Finland’s Finland’s radiation and nuclear safety authority, Stuk, has identified further safety issues at unit 3 of the Olkiluoto NPP (OL3), which will need to be rectified before the unit can receive a permit to operate, Stuk told Reuters on 22 February. The 1,600MWe EPR being built by Areva (now Framatome) is already more and a decade behind schedule and significantly over budget.

Part of the pressuriser, a primary circuit component of the reactor, is vibrating at levels that exceed safety limits, said Pekka Valikangas, the regulator’s section head for nuclear reactor regulation. “The test results show that these vibrations are not approved,” Valikangas told Reuters. “This must be taken care of before the ministry decides on the permit,” Valikangas said, adding that Stuk would offer two options for a solution. Stuk will publish its recommendation to the Ministry of Economic Affairs and Employment, which decides energy policy and will rule on the reactor’s permit. Valikangas said he could not tell whether the development would lead to further delays. “I do not know if it will delay the reactor. There is still time in the testing programme to fix it,” he said.

The part of the pressuriser that needs fixing is the pipeline, which is related to the reactor’s cooling system and was supplied by Areva, Valikangas said. This component is responsible for balancing pressure in the reactor. There was no suggestion that the problem identified at Olkiluoto 3 would affect other EPR reactors.

The project has faced a series of delays. The latest, announced last November, entitled the Finnish operator TVO to a payment of €18 million ($20.4 million) from Areva. In March 2018, Areva settled a long-running dispute with TVO by agreeing to pay €450 million for cost overruns and delays. It also agreed to pay a further €20 million for each additional month of delays from I January 2020.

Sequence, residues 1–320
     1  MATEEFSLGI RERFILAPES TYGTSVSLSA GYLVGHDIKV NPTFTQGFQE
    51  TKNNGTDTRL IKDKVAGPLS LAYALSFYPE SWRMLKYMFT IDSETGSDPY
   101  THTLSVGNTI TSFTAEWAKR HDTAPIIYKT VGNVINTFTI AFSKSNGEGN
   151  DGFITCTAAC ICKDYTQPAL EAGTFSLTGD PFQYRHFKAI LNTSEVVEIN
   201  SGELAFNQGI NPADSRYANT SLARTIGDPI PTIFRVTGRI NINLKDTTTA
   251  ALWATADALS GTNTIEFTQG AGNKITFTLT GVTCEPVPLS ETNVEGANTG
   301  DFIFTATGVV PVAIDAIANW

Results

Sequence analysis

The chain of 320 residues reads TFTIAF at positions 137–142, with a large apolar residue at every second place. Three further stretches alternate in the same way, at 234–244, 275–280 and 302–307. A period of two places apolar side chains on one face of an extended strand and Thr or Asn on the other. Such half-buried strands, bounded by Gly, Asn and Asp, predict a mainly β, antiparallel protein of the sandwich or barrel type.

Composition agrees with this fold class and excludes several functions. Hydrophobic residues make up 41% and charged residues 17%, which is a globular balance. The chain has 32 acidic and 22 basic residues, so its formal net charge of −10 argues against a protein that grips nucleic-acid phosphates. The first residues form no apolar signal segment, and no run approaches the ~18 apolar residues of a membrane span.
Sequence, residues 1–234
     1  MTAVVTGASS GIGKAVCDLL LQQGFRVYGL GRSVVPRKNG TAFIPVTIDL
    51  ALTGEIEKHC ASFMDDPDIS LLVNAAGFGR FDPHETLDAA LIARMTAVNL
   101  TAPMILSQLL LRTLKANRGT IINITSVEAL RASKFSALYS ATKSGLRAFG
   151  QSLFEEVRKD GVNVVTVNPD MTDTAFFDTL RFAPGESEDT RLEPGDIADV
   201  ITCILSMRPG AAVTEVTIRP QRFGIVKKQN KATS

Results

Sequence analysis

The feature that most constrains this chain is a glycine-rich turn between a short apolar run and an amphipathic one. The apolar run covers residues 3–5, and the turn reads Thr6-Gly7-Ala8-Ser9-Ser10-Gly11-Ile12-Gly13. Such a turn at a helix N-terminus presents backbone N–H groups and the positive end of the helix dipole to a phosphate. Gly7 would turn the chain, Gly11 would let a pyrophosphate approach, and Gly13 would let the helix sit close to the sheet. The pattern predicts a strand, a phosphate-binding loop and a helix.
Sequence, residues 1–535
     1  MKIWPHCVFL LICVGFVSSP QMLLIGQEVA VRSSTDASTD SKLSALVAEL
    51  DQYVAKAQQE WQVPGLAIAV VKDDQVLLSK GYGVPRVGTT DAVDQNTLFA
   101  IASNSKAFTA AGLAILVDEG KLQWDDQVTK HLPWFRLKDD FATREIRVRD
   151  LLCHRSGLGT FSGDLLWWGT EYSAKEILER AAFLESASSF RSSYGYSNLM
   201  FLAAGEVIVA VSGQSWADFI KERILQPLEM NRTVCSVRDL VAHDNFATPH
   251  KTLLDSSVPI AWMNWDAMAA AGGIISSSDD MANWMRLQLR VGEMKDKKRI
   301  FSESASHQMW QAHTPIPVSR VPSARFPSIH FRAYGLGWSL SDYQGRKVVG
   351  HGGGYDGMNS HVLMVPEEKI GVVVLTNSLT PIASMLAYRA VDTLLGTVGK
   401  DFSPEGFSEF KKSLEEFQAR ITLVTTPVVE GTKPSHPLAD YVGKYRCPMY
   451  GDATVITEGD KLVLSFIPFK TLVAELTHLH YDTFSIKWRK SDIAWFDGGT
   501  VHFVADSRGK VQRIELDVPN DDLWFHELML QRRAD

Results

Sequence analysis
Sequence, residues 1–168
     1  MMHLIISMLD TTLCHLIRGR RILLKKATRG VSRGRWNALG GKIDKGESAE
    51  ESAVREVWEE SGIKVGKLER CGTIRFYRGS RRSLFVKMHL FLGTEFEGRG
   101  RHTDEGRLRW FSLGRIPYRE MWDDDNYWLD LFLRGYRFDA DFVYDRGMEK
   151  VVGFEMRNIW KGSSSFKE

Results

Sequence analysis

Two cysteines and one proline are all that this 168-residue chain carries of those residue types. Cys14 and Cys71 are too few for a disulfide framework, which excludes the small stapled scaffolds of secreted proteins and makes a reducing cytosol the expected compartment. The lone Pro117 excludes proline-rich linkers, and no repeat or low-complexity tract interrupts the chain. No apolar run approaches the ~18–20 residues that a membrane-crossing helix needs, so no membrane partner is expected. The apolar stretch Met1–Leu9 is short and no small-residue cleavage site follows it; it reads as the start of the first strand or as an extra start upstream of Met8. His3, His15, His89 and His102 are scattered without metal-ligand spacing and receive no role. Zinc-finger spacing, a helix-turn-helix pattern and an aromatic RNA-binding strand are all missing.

The reactor previously experienced vibration issues which delayed hot testing in the first half of 2018. TVO said then that they would be fixed within a few months but Stuk said the problem remains unsolved. TVO said it had identified the problem and been working with Areva on a fix, which it expected to have in place during spring. “We have been testing different options. We have a solution for that. There are two support system options and we have picked the right one … We need to show Stuk that it works,” a TVO spokesman told Reuters. He could not say whether that would secure the required permit, adding that Olkiluoto 3 could not start loading fuel before receiving that approval.

TVO’s owners include utility company Pohjolan Voima, its rival and Nordic electricity major Fortum, EPV Energia, Loiste Holding and Kemira.